A number of five phenolic acids had been detected from the honey samples by using multiple reaction monitoring (MRM) and enhanced product ion (EPI) scan modes of UPLC-MS/MS method (Table 3). The phenolic acids were detected at the positive mode of mass screening and then confirmed by enhanced product ion scan. Besides phenolic acids, the other detected flavonoids include flavone (quercetin) and flavanone (pinobanksin-3-O-butyrate and pinobanksin-3-O-propionate). It is important to highlight that pinobanksin has been demonstrated to be a potent antioxidant [30]. This hybrid method offers obvious advantages, in terms of sensitivity and selectivity, without the need for standard chemical, sugar separation, and clean-up procedures. The compounds were identified based on the characteristic ions as structural information from the fragmentation pattern. The positive mode of mass spectra for the detected phenolic acids is presented in Figure 1.

Table 3: Phenolic acids, flavonoids, and organic acids detected from honey samples.
Figure 1: Mass spectra of phenolic acids at the positive mode of enhanced product ion scan.

Another two commonly found organic acids in honey such as fumaric and gluconic acids were also detected in this study. Even though organic acids are just covered for less than 0.5% of honey composition, the presence of organic acids might affect the honey flavor and stability against microorganisms. These organic acids might also contribute to the antioxidant capacity of honey by chelating with metals, thus synergistically enhancing the antioxidative action of phenolics [31]. According to Cherchi et al. (1994) [32], gluconic acid is the predominant organic acid in honey which could achieve up to 50-fold higher concentration than other acids.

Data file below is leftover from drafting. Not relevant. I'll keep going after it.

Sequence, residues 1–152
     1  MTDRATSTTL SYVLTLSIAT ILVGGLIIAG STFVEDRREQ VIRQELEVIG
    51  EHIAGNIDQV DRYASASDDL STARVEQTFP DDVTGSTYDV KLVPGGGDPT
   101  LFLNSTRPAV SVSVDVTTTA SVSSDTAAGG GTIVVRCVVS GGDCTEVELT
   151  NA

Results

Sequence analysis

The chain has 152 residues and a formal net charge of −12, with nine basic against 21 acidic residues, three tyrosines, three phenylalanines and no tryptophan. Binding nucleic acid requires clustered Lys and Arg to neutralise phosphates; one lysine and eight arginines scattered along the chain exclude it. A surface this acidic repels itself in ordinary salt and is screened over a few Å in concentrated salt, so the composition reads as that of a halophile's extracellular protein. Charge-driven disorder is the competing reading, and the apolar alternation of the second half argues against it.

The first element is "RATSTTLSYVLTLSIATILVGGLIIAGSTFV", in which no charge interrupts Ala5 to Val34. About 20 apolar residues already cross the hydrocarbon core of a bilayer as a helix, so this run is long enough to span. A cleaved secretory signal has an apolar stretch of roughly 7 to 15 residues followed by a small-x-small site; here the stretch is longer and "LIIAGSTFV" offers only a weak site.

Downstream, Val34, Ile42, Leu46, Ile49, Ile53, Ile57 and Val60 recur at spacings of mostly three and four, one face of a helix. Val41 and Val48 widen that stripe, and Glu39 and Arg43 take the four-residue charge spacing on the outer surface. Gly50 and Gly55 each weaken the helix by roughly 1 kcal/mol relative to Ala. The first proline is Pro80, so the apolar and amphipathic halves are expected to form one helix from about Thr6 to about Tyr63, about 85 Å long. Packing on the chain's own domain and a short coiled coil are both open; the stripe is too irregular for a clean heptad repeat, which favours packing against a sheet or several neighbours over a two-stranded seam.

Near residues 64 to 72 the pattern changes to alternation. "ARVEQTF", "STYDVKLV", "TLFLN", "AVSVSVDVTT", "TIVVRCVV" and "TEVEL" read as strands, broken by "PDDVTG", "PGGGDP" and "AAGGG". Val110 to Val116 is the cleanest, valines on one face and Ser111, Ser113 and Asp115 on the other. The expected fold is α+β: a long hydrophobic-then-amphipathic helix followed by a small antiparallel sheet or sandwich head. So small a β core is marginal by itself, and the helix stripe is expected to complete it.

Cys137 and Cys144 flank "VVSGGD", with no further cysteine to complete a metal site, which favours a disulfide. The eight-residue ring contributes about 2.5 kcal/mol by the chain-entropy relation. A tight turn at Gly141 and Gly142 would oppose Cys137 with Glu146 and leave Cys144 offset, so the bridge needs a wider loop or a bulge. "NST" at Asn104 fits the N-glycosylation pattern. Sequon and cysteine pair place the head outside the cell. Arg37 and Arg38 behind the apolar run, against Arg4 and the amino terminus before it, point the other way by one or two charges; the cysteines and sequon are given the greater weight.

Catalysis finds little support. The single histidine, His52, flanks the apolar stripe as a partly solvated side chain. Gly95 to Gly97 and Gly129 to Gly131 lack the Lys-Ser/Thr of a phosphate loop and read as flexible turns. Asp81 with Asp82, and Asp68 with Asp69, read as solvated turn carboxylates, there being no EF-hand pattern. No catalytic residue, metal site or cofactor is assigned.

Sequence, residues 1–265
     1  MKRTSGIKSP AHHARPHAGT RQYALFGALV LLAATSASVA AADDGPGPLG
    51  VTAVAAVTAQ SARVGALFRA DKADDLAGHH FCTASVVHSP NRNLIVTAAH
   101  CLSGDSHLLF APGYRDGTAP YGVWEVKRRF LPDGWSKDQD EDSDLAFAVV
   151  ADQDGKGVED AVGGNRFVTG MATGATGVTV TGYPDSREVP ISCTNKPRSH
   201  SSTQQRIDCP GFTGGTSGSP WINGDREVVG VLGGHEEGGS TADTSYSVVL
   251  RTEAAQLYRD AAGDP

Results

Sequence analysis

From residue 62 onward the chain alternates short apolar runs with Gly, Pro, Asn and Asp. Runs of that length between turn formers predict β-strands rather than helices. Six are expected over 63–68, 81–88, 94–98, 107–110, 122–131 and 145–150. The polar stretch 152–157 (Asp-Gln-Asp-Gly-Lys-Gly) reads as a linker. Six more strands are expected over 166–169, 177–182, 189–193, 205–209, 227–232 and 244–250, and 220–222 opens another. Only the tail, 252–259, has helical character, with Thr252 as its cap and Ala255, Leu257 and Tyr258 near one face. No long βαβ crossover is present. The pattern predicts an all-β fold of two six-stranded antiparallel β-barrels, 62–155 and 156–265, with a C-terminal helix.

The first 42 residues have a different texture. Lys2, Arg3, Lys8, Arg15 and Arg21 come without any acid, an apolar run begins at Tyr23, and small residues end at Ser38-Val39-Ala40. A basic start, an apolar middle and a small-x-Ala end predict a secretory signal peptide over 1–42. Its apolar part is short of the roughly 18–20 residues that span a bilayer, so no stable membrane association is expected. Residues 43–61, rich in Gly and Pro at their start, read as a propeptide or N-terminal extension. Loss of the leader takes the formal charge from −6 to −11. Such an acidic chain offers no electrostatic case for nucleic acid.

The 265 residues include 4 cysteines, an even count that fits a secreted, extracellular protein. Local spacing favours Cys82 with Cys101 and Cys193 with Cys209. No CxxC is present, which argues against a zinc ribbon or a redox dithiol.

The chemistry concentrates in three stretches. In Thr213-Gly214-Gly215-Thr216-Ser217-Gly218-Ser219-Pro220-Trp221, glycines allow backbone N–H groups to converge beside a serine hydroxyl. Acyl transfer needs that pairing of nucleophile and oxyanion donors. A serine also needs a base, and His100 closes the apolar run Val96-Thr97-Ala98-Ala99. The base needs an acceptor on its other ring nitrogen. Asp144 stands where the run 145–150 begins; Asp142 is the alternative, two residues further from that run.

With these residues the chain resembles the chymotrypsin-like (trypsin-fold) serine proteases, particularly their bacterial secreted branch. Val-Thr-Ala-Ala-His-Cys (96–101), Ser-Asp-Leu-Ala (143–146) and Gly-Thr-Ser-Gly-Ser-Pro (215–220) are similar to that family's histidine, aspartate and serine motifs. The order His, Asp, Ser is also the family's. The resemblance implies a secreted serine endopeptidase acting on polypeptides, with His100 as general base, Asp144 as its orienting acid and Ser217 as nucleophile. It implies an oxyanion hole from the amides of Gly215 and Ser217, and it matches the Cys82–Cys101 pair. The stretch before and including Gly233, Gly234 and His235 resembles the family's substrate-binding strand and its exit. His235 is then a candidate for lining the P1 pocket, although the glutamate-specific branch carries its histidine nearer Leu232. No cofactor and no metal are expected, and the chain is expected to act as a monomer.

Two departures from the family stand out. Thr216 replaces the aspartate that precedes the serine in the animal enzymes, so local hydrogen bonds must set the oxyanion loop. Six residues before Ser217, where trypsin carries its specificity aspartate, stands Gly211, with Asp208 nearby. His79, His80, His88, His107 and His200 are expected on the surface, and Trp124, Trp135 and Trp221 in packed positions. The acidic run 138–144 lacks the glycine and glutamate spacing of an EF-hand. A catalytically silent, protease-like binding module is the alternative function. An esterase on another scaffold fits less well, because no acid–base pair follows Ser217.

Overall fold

The scavenging activity of honey samples had been measured by using DPPH assay, and ascorbic acid was used as positive control. The unpaired electron of DPPH forms a pair with a hydrogen donated by free radical scavenging antioxidant from honey and thus converting the purple coloured odd electron DPPH to its reduced form in yellow. The degree of decolourization would be measured by UV-Visible spectrophotometer in order to determine the scavenging activity of honey. It was found that the EC50 of ascorbic acid was about a few thousands lower than all honey samples. The lower the EC50 value the higher the scavenging capacity of honey, because it requires lesser amount of radical scavenger from the honey to reduce DPPH. Table 4 indicates that gelam honey has the highest scavenging activity, followed by acacia and tualang honey samples.

Table 4: Antioxidant activity of honey samples.

The findings were in contradiction with the previous study conducted by Kishore et al. (2011) [14]. They reported that tualang honey (EC50 = 5.8 mg/mL) had the highest scavenging activity compared to other honey samples, including gelam honey (EC50 = 6.68 mg/mL). However, the scavenging activity of gelam honey was found to be higher than tualang honey in this study. Hence, gelam honey was about three times more efficient than tualang honey as free radical scavenger. The contradiction was also observed in the results of TPC and TFC, even though the honey samples were collected from the similar supplier, FAMA, Kedah in the study of Kishore et al. (2011) [14]. Most probably, the variance was contributed by the difference in honey harvesting time.